A slow end to 2023
NAB Group Chief Economist Alan Oster outlines the key features of Joe Hockey’s 2014 Federal Budget announcement and analyses how it may impact Australia’s economic outlook and financial markets.
NAB Group Chief Economist Alan Oster provides his overview of the 2014 Federal Budget – including what it means for Australia’s economic outlook and how it could affect financial markets.
The 2014 Federal Budget should really be seen as a re-ordering of Budget priorities to fund significant new outlays proposed for years to come – including National Disabilities, Gonski education reforms and Paid Parental Leave commitments – and at the same time put the Budget on a more robust path to balance. With net debt to GDP of around 17% this was never a Budget in crisis – although some medium term challenges had to be addressed. The Government has opted to spread the pain and start straight away.
Much of that pain has been well signalled. That included tightening eligibility criteria for family tax benefits and eligibility rules for unemployment benefits; increased cuts to public sector employment (from 12,000 to 16,500); the merger/abolition of 70 public entities and more privatisation; a deficit tax levy of 2% for those paid more than $180k per year (for three years); cuts to industry assistance programs worth $850m; resumption of petrol indexation (with the proceeds put to road funding); and medical co-payments of $7 per visit (to set up a new medical services future fund); large cuts to hospital payments; and university fee liberalisation (which will increase the cost of some courses). In the longer run, from 2018 Gonski funding will be replaced by an indexation of education funding; the pension age will be raised to 70 years effective from 2035; and the pension assets test will not be indexed for a number of years.
Over the next three years the measures represent significant savings (around $15 billion) – with most of the work done on the revenue side. Effectively our estimates suggest that the Government, in a structural sense, is taking around 0.5% out of growth in each year in the forward estimates. While the tax rises and petrol tax increases are not enough to seriously impact growth, they together with significant transfer cuts, could well have more important effects on confidence.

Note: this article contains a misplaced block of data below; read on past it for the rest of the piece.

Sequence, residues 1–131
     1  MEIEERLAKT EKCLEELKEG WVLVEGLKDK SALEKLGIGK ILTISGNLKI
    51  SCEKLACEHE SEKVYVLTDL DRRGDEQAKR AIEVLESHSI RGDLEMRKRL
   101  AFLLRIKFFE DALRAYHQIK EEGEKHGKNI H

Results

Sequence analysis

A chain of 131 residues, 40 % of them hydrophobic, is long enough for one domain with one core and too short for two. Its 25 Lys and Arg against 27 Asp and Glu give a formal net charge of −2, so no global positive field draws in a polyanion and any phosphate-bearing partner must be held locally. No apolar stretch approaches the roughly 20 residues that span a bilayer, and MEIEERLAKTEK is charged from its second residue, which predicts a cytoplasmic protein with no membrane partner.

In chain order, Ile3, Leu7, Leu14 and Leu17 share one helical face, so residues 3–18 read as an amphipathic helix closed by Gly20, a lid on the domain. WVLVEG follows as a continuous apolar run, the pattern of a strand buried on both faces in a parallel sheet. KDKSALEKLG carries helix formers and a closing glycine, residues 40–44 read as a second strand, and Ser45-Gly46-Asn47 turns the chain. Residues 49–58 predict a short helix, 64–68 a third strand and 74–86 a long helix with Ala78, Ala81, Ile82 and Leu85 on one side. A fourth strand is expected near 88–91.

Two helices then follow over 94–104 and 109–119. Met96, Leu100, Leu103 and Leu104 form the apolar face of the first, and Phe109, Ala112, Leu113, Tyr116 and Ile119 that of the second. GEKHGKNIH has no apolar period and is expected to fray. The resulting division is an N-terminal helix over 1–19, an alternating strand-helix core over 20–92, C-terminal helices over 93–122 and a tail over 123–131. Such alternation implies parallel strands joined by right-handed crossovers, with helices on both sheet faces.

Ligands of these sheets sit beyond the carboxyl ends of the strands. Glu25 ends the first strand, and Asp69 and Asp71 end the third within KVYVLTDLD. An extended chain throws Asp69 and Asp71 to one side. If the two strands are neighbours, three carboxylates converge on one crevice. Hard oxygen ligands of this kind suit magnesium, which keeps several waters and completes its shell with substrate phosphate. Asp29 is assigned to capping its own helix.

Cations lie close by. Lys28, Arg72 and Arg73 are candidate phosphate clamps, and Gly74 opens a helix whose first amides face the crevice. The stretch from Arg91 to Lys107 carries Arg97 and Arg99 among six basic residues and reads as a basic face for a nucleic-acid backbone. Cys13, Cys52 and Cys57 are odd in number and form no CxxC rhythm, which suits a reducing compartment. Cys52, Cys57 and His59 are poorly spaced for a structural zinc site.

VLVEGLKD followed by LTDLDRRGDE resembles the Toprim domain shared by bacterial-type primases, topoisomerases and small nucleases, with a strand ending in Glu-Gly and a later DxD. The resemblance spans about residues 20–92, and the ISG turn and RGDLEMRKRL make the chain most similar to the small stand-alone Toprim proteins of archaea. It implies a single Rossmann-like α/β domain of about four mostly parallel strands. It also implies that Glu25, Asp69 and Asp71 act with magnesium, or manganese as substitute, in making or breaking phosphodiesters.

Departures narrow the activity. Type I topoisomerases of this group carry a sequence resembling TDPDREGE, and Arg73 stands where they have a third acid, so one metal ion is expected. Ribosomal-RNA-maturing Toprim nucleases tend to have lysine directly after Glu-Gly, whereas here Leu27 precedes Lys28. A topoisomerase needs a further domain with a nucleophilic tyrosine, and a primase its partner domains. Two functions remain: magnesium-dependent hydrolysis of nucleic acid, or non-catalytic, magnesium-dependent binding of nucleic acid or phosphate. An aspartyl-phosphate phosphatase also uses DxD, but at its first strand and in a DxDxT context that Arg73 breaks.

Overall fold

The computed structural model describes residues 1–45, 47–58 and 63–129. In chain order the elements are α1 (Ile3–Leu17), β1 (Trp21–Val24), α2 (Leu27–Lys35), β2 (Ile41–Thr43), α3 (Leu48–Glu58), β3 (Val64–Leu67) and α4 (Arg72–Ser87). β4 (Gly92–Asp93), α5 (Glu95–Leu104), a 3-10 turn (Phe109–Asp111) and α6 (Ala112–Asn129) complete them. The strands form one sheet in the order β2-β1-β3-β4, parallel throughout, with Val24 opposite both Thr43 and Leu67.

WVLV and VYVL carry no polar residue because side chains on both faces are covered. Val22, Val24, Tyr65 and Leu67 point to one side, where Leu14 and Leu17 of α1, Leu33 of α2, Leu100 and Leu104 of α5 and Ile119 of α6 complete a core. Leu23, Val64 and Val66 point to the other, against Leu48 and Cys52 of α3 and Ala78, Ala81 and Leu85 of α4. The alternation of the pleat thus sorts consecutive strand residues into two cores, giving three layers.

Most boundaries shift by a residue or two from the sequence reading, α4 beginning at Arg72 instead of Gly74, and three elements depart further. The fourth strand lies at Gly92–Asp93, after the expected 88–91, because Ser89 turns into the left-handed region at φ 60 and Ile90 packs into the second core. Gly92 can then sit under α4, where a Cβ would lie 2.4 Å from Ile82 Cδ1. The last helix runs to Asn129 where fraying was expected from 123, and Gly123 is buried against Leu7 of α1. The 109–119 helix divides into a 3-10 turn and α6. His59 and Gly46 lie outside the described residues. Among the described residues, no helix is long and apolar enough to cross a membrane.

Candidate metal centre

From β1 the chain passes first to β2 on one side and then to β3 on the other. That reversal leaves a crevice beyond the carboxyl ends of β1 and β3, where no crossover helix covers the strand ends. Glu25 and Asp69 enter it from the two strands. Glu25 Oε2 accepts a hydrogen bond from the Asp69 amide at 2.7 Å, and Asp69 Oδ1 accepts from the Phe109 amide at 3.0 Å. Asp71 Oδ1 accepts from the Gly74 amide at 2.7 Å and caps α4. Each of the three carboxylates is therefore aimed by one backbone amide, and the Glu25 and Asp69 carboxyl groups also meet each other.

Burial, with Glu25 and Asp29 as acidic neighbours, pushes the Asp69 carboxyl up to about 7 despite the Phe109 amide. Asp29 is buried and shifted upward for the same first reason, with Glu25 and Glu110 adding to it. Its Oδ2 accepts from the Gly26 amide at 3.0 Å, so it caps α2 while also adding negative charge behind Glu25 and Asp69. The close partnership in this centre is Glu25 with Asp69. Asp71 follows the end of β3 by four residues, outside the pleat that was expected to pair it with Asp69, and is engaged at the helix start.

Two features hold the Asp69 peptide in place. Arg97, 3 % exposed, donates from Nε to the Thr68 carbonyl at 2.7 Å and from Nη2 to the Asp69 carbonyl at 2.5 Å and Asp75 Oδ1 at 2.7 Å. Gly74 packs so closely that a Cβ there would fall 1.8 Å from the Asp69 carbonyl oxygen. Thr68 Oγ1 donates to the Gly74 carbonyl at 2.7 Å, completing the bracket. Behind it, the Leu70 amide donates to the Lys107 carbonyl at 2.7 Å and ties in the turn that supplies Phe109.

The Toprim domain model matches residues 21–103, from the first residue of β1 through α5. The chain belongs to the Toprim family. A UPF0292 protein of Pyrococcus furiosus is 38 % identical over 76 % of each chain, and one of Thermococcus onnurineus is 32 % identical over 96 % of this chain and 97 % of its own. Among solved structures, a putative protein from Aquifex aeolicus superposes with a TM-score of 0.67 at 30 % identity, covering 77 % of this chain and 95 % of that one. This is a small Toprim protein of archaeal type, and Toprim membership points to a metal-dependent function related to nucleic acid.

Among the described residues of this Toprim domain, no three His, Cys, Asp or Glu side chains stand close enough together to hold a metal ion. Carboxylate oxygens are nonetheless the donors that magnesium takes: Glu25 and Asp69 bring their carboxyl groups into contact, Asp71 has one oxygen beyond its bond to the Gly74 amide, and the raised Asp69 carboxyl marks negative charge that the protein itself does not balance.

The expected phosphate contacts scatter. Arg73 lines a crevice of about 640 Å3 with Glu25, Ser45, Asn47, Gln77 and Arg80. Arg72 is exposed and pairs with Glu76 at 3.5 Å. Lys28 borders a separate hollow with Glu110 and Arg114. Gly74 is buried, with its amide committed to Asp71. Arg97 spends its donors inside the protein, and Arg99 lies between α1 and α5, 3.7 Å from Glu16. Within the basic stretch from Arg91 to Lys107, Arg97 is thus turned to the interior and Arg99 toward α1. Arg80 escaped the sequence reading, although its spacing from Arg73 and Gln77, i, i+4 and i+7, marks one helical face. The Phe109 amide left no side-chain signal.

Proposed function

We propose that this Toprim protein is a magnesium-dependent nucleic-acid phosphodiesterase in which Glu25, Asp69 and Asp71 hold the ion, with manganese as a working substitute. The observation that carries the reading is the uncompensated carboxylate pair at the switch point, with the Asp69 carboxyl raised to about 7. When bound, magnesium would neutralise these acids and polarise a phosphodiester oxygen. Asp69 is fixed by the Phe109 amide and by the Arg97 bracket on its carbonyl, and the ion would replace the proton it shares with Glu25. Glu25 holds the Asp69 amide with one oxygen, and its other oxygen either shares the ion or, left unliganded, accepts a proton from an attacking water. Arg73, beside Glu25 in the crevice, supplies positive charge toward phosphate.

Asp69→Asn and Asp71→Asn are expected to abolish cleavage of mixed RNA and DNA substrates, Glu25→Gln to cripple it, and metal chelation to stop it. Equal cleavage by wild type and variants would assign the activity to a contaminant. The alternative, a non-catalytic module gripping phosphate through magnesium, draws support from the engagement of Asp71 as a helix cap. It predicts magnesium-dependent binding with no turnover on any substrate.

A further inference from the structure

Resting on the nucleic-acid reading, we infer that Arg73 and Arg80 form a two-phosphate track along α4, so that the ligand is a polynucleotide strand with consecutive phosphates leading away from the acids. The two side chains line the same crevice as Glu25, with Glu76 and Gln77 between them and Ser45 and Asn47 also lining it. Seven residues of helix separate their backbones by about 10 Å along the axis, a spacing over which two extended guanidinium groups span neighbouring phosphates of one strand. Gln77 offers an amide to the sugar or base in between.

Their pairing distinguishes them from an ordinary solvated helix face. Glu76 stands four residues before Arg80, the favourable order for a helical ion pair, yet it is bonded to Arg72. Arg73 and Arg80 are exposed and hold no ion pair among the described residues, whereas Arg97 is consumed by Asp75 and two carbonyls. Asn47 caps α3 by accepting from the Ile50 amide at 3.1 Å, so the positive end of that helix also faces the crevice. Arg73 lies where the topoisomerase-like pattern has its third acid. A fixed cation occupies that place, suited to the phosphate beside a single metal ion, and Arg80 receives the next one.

On the Budget forecasts, NAB is more optimistic on growth (NAB 3% Govt 2.5% in 2014-15). We are more cautious on domestic demand, reflecting a view that public sector demand and/or consumption might be hit harder by Budget announcements. That said, the Government sees unemployment peaking at the same rate as NAB, but staying at that rate longer (all of 2015-16). The Government also anticipates a faster terms of trade fall and, consequently, lower nominal GDP growth. Overall, we see the forecasts as unlikely to overstate the fiscal outcome and indeed they appear marginally conservative.
Clearly this Budget has lots of politics. This is where the main uncertainties will emerge. How many of the measures announced will get through the Parliament and how will consumer and business confidence be affected?
The underlying cash deficit for 2013-14 is estimated at $49.9 billion (3.1% of GDP). The Budget maintains large but shrinking deficits of $29.8 billion in 2014-15, $17.1 billion in 2015-16, and $10.6 billion in 2016-17. The Government has set an objective to return the Budget to 1% of GDP over the medium-term.
The Government’s economic outlook is softer than recent RBA forecasts, and slightly softer than NAB’s forecasts for 2014-15 (NAB is weaker in 2015-16). In 2014-15, the government has forecast real GDP growth of 2.5% (compared with NAB’s 3.1%), reflecting a smaller trade balance that more than offsets its stronger expectation for domestic demand. In 2015-16, the Government’s forecast is a little stronger (3% compared to NAB’s 2.7%) due to an anticipated improvement in domestic demand (NAB is forecasting a further slowing, led by a contraction in mining investment). The Government expects unemployment to rise to around 6.25% by mid 2015, while NAB expects it to peak sooner (at a similar level), before easing to around 6%.
The Government, RBA and NAB share very similar views on the outlook for underlying inflation, although the RBA sees larger price pressures in the near term. Each expects inflation to remain well within the RBA’s 2-3% target band over the forecast horizon. The structural adjustment occurring in the economy at present remains a real risk to the outlook. Nothing in the Budget changes our view that rates are on hold until late 2015.
Beyond the economic/fiscal outlook, the Budget was regarded as ‘credit positive’ by Moody’s Investors Service, and supportive of Australia’s AAA rating. The market reaction to the Budget was positive, with the $A quickly rising ½ a cent to under 0.938, before retracing. Despite all the concern in the lead up, most measures were well flagged, with no real negative surprises. Overall, the market sees the Budget as a good start towards addressing the looming structural pressures facing government finances.
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